There's nothing wrong with deferring to expertise, though I can sense many readers recoiling at this idea as a submission to outside authority, and therefore somehow hostile to personal free thought. Don't confuse deference to expertise to submission to authority. Authority often does not come with any expertise, as any reasonably astute follower of our current political situation will immediately recognize. Experts are subject matter experts because they spent a great deal of time and effort mastering their chosen field.

Respect that distinction, even if you are still disposed to disagree. Some people simply know a lot more about specific topics than we ever will. To dismiss the experts out of hand because they are telling you something you don't want to hear smacks of the intellectual arrogance so often attributed to scientists and academics. If you are honest with yourself, you should hear alarms going off in your mind every time you strongly disagree with an expert in any field. That disagreement is fine, but pull the string a bit and see where it goes. Read something. Study some more. Or, just admit that you don't have the time and interest to do so and leave it at that. Then, humbly defer to the experts.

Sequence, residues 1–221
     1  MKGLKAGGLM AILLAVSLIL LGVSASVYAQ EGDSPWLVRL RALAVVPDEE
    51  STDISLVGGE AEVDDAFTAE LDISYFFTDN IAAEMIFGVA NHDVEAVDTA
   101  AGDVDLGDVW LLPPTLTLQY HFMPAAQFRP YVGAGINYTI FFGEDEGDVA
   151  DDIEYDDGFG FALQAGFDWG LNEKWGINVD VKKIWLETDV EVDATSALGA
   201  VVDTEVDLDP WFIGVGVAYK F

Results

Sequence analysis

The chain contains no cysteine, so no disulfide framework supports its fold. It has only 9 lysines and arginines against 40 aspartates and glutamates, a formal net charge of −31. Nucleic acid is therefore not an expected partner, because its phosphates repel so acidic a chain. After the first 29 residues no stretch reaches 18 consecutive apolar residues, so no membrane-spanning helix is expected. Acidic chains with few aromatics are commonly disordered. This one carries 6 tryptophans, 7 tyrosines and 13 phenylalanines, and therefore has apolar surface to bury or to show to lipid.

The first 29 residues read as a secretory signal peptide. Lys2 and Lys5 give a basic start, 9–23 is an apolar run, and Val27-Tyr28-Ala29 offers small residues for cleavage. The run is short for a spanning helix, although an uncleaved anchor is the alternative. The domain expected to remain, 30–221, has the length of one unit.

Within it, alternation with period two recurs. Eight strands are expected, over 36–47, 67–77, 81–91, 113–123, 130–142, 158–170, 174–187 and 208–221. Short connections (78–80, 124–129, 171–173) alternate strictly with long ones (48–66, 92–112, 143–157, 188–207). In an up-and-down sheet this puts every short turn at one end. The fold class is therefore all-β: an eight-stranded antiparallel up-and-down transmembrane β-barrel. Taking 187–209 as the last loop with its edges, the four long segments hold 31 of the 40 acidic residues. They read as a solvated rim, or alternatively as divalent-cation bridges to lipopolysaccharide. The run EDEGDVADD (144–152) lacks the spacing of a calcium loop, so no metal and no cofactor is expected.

1. http://www.pewinternet.org/2016/10/04/the-politics-of-climate/

2. https://climate.nasa.gov/scientific-consensus/

3. http://www.pewinternet.org/2015/07/23/an-elaboration-of-aaas-scientists-views/

4. http://www.pewresearch.org/fact-tank/2017/02/10/darwin-day/

5 Jerry A. Coyne. “Faith versus Fact: Why Science and Religion Are Incompatible.” Faith versus Fact: Why Science and Religion Are Incompatible, Viking, 2015, p. 39.

6 Steven A. Sloman, and Philip Fernbach. “What We Know.” The Knowledge Illusion: Why We Never Think Alone, Riverhead Books, 2017, p. 35.

7 Daniel Kahneman. “Part I/Two Systems.” Thinking, Fast and Slow, Farrar, Straus and Giroux, 2015, pp. 48-68.

#indefenseofexpertise #experts